moves within each round by reviewing his options on two
levels--attitudes and force postures.
Player Attitudes. The first level is the diplomatic
level. Here, each player assesses the relationship he would like to
have with each of the other players. They are categorized as: 1)
hostile; 2) unfriendly; 3) neutral; 4) friendly; and (5)
Force Postures. The second level of options pertains
to force postures and is also reviewed in every round. Five of the
players, A through E, have a holstered automatic weapon, such
as an Uzi (15-shot). The remaining two players (Players F and G)
have chain guns (200 shots). These weapons correspond to
nuclear-armed ballistic missiles. These offensive armament levels
are held constant throughout the game in order to test the
hypothesis in terms of various levels and configurations of
Any player can voluntarily disarm ("quit"), but the gameis not
designed as an arms control exercise. Any player can draw his
weapon at any time ("ready"), which is necessary for him to shoot.
Any player can put his readied weapon back into the holster
("holster"). Any readied weapon can be aimed at another player
("threaten"). Any player can fire a readied weapon at another
player ("attack"). Any player can choose to hide his weapon hand
with a shroud held by his off-hand ("shroud"), which precludes
other players from knowing whether his weapon is ready. A decision
either to threaten or to attack another player results in the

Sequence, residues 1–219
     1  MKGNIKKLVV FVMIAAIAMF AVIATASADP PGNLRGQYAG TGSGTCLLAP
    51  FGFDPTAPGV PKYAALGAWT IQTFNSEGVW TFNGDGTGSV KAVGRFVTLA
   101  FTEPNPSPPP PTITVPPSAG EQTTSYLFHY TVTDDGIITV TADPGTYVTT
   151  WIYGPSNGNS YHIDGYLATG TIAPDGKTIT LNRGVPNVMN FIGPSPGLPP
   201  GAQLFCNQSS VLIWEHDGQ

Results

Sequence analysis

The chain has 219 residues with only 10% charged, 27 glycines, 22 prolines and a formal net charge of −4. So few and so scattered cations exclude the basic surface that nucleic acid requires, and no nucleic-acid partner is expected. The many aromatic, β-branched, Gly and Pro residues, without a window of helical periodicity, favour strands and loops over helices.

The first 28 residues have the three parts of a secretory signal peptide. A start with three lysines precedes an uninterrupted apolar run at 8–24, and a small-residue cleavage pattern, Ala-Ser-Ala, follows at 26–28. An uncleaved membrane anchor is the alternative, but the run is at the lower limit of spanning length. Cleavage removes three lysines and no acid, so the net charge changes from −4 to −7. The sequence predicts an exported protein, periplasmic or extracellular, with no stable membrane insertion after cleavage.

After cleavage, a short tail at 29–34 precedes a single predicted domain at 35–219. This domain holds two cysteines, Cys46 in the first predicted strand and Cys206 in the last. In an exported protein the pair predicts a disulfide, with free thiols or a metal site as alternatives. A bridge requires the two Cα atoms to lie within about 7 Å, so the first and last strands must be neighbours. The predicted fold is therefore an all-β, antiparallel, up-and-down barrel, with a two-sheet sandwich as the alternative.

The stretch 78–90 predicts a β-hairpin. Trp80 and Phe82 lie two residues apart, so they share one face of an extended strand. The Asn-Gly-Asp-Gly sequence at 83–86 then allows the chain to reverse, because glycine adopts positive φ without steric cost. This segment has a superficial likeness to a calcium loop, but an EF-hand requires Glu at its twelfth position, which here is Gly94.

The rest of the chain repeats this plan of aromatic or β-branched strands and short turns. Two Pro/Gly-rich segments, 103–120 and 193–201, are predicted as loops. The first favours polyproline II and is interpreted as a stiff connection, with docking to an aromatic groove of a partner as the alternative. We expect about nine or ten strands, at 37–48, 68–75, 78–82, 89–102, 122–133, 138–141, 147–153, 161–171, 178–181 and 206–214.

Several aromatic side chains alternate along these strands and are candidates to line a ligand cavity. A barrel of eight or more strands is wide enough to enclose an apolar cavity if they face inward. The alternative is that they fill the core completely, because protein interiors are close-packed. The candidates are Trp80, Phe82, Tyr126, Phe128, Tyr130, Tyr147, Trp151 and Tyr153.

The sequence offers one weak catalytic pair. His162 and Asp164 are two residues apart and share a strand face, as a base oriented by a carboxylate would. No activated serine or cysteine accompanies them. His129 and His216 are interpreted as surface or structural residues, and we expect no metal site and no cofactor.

lifting of the shroud, which may not be restored until after the
relevant player holsters his weapon.
Player G can put on a bullet-proof vest in two turns, which
reduces the number of penetrating shots from the other players.
This limited defense takes the form of "defensive interceptors."
Thus, it is neither a perfect defense nor capable of rebuffing
All players start out holstered, unshrouded, undefended, and
Attack Outcomes. the game defines three possible
outcomes for a player who is attacked: (1) "functional," which
is the initial status for all players; (2) "wounded"; and (3)
"killed." The requirements to wound or kill are preset for each
player and vary from player to player.
Communications. Private communications and public
announcements among the players are used to augment the game
structure. Private communications are limited. Each player is
allowed to initiate one such communication between any two rounds
(although it may be directed at more than one player) and to
respond to any private communication directed at him, but only
The Game Manager. Finally, a game manager supervises the
conduct of the game. The game manager is empowered to disallow a
player's move on two grounds. The first ground is that the move is
inconsistent with the description of the player that was provided.
The second is that the move is disruptive to the testing of
Results of the 2004-2005 Game
To test the hypothesis that defenses will not contribute to